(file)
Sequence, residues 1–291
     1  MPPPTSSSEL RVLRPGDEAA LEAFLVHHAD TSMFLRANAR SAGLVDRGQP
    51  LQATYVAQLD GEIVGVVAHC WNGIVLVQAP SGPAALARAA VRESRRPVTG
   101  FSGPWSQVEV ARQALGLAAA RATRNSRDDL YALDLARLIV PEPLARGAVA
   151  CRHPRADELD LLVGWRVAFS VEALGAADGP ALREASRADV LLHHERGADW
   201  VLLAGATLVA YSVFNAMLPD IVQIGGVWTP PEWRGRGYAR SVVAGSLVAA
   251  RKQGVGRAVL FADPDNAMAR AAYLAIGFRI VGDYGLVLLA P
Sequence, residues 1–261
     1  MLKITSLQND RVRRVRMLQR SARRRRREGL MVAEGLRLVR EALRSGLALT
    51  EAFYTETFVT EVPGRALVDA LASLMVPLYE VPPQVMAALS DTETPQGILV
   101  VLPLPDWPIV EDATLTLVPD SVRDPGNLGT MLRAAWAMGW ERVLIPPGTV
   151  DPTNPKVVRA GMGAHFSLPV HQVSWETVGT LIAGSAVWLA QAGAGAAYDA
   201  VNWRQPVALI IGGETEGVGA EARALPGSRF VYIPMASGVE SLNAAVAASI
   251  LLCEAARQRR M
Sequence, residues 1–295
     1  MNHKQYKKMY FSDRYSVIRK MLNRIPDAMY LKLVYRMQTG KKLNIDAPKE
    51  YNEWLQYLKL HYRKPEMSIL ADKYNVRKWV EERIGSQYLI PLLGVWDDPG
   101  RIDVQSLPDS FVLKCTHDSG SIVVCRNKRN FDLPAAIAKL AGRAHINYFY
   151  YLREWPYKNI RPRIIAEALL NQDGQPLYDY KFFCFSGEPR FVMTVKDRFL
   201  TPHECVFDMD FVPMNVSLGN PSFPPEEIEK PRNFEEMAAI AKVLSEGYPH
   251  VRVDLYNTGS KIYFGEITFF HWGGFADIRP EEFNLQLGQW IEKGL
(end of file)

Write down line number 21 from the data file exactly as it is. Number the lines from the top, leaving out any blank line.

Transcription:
   251  VRVDLYNTGS KIYFGEITFF HWGGFADIRP EEFNLQLGQW IEKGL